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Explaining liberalization commitments in financial services trade

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  • Philipp Harms
  • Aaditya Mattoo
  • Ludger Schuknecht

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Abstract

The authors examine the determinants of market access commitments in international financial services trade in the General Agreement on Trade in Services (GATS). Based on a theoretical model, they investigate empirically the role of domestic political economy forces, international bargaining considerations, and the state of complementary policy. The empirical results confirm the relevance of the authors'model in explaining banking and (to a somewhat lesser degree) securities services liberalization commitments. The findings imply that those who seek greater access to developing country markets for financial services must do more to counter protectionism at home in areas of export interest for developing countries.
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Suggested Citation

  • Philipp Harms & Aaditya Mattoo & Ludger Schuknecht, 2003. "Explaining liberalization commitments in financial services trade," Review of World Economics (Weltwirtschaftliches Archiv), Springer;Institut für Weltwirtschaft (Kiel Institute for the World Economy), vol. 139(1), pages 82-113, March.
  • Handle: RePEc:spr:weltar:v:139:y:2003:i:1:p:82-113
    DOI: 10.1007/BF02659609
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    References listed on IDEAS

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    10. Barth, James R.*Caprio,Gerard*Levine, Ross, 2001. "The regulation and supervision of banks around the world - a new database," Policy Research Working Paper Series 2588, The World Bank.
    11. Aadtya Mattoo, 2000. "Financial Services and the WTO: Liberalisation Commitments of the Developing and Transition Economies," The World Economy, Wiley Blackwell, vol. 23(3), pages 351-386, March.
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    Citations

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    Cited by:

    1. Peter Egger & Rainer Lanz, 2008. "The Determinants of GATS Commitment Coverage," The World Economy, Wiley Blackwell, vol. 31(12), pages 1666-1694, December.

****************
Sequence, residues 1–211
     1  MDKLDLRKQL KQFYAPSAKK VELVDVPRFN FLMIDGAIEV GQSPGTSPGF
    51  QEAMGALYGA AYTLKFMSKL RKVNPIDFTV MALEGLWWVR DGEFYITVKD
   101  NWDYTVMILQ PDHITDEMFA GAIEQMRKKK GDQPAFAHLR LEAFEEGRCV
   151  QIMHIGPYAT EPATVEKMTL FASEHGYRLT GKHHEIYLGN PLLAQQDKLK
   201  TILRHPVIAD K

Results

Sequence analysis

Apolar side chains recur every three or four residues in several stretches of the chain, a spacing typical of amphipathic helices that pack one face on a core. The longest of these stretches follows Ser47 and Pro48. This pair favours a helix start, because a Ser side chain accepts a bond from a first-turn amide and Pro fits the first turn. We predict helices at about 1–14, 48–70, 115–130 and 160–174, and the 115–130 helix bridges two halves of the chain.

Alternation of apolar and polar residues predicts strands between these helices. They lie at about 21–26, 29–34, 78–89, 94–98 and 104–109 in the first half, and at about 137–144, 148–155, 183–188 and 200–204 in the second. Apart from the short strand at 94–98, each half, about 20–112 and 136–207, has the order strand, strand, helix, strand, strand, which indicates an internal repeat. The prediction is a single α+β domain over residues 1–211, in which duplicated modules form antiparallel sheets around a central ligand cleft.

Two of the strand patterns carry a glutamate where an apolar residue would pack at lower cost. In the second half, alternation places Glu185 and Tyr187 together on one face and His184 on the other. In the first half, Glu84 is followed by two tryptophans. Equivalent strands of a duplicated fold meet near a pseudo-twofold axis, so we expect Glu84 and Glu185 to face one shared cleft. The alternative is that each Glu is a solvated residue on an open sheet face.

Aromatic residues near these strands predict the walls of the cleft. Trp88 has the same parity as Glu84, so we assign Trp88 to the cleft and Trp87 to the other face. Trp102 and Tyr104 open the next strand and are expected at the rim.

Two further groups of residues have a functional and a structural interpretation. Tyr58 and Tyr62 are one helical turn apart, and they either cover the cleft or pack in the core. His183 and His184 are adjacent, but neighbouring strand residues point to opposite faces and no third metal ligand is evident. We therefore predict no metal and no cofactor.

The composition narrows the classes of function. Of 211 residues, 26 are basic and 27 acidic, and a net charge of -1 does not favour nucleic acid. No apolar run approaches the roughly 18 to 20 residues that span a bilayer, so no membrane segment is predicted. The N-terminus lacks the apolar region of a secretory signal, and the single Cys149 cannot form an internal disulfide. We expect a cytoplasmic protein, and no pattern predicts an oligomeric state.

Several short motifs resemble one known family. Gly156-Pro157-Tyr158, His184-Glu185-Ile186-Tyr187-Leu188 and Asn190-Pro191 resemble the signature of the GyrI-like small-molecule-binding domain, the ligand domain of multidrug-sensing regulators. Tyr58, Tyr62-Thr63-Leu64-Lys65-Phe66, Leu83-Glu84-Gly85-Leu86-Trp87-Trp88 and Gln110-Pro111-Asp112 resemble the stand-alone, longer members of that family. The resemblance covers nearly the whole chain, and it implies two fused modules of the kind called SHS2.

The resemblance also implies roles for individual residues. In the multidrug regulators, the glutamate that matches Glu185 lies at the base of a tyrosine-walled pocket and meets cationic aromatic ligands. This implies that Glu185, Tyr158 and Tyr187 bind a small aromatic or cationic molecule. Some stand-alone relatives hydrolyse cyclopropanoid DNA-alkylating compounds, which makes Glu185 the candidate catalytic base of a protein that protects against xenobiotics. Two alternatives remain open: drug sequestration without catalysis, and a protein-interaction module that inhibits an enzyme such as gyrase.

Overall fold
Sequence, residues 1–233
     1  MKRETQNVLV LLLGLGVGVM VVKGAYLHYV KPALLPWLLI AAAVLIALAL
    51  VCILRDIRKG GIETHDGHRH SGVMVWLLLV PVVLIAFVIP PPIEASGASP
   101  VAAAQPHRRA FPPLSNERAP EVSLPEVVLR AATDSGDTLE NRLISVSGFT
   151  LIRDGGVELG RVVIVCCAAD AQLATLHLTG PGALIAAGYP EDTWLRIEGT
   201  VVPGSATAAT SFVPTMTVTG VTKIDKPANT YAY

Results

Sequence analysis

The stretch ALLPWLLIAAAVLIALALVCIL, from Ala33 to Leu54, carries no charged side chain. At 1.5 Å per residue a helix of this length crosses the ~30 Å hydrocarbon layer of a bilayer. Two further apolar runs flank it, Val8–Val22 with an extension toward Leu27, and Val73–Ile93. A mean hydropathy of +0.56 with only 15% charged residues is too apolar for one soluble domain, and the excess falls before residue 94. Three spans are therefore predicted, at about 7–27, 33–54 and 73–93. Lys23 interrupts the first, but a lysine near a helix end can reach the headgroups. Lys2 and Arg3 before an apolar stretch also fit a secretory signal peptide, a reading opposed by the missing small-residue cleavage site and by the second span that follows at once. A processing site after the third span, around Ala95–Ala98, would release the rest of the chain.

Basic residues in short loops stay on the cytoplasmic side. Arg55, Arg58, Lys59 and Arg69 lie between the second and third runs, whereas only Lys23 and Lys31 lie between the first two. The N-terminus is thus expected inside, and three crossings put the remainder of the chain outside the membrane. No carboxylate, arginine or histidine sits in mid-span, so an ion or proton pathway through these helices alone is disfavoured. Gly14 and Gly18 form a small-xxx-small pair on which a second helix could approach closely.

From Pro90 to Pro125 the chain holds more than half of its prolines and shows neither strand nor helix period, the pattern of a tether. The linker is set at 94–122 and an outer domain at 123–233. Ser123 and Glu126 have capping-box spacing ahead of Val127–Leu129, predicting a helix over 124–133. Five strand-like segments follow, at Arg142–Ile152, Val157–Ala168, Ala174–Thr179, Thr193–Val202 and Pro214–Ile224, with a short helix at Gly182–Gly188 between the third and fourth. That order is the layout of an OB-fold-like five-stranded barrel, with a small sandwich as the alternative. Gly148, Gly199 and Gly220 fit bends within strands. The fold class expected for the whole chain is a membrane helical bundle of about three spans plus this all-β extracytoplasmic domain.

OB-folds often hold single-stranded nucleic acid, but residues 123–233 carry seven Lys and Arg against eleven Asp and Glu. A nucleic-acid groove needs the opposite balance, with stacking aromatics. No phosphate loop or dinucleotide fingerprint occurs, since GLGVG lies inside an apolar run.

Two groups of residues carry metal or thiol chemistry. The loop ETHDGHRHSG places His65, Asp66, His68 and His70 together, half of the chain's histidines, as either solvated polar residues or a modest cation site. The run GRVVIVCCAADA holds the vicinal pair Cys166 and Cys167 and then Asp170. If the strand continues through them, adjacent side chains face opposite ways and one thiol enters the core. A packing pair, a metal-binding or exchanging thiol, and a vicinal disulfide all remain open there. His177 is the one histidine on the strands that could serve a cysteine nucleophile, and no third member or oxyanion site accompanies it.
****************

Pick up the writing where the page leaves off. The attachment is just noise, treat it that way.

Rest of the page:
2. Mattoo, Aaditya & Rathindran, Randeep, 2006. "Measuring Services Trade Liberalization and Its Impact on Economic Growth: An Illustration," Journal of Economic Integration, Center for Economic Integration, Sejong University, vol. 21, pages 64-98.
    3. Philippa Dee, 2011. "Promoting Domestic Reforms Through Regionalism," Crawford School Research Papers 1107, Crawford School of Public Policy, The Australian National University.
    4. Makoto Hisanaga, 2007. "Comparative Advantage Structure of U.S. International Services," KIER Working Papers 633, Kyoto University, Institute of Economic Research.
    5. Mattoo, Aaditya, 1999. "Financial services and the World Trade Organization - liberalization commitments of the developing and transition economies," Policy Research Working Paper Series 2184, The World Bank.
    6. Bouvatier, Vincent, 2014. "Heterogeneous bank regulatory standards and the cross-border supply of financial services," Economic Modelling, Elsevier, vol. 40(C), pages 342-354.
    7. Erik der Marel & Sébastien Miroudot, 2014. "The economics and political economy of going beyond the GATS," The Review of International Organizations, Springer, vol. 9(2), pages 205-239, June.
    8. Ivana Prica & Jelica Petrović VujaÄ ić, 2010. "Financial Services Liberalisation in Transition Countries and the Role of the WTO," Panoeconomicus, Savez ekonomista Vojvodine, Novi Sad, Serbia, vol. 57(4), pages 487-501, December.

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